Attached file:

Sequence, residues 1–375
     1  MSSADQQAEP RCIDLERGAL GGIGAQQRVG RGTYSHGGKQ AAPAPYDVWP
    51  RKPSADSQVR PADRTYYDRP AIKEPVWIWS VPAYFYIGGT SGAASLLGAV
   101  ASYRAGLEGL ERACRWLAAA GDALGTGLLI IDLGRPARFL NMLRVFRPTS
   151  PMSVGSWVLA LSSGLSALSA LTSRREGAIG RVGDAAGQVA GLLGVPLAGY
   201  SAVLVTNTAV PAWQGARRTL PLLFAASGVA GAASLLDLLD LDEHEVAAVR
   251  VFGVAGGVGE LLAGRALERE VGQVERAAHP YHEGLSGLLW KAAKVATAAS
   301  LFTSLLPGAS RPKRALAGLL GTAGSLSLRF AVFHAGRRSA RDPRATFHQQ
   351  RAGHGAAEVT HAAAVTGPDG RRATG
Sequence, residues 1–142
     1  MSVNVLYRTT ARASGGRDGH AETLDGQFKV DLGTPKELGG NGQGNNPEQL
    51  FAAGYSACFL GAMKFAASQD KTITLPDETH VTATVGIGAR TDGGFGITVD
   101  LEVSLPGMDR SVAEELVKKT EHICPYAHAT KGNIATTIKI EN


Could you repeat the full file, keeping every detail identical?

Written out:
Sequence, residues 1–375
     1  MSSADQQAEP RCIDLERGAL GGIGAQQRVG RGTYSHGGKQ AAPAPYDVWP
    51  RKPSADSQVR PADRTYYDRP AIKEPVWIWS VPAYFYIGGT SGAASLLGAV
   101  ASYRAGLEGL ERACRWLAAA GDALGTGLLI IDLGRPARFL NMLRVFRPTS
   151  PMSVGSWVLA LSSGLSALSA LTSRREGAIG RVGDAAGQVA GLLGVPLAGY
   201  SAVLVTNTAV PAWQGARRTL PLLFAASGVA GAASLLDLLD LDEHEVAAVR
   251  VFGVAGGVGE LLAGRALERE VGQVERAAHP YHEGLSGLLW KAAKVATAAS
   301  LFTSLLPGAS RPKRALAGLL GTAGSLSLRF AVFHAGRRSA RDPRATFHQQ
   351  RAGHGAAEVT HAAAVTGPDG RRATG
Sequence, residues 1–142
     1  MSVNVLYRTT ARASGGRDGH AETLDGQFKV DLGTPKELGG NGQGNNPEQL
    51  FAAGYSACFL GAMKFAASQD KTITLPDETH VTATVGIGAR TDGGFGITVD
   101  LEVSLPGMDR SVAEELVKKT EHICPYAHAT KGNIATTIKI EN